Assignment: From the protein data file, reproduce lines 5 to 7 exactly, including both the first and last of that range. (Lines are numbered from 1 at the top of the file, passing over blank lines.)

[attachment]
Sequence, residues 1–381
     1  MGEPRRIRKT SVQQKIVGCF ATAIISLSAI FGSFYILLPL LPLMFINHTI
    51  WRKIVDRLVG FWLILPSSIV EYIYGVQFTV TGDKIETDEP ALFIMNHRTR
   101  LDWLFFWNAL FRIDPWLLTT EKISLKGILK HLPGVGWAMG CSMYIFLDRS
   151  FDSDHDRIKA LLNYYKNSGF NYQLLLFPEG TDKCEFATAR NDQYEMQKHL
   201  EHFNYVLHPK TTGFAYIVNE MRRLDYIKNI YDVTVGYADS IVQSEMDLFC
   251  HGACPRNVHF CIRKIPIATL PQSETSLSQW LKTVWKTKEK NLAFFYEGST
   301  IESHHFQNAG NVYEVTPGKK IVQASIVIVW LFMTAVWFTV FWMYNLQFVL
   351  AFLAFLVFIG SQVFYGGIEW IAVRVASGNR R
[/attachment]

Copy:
   151  FDSDHDRIKA LLNYYKNSGF NYQLLLFPEG TDKCEFATAR NDQYEMQKHL
   201  EHFNYVLHPK TTGFAYIVNE MRRLDYIKNI YDVTVGYADS IVQSEMDLFC
   251  HGACPRNVHF CIRKIPIATL PQSETSLSQW LKTVWKTKEK NLAFFYEGST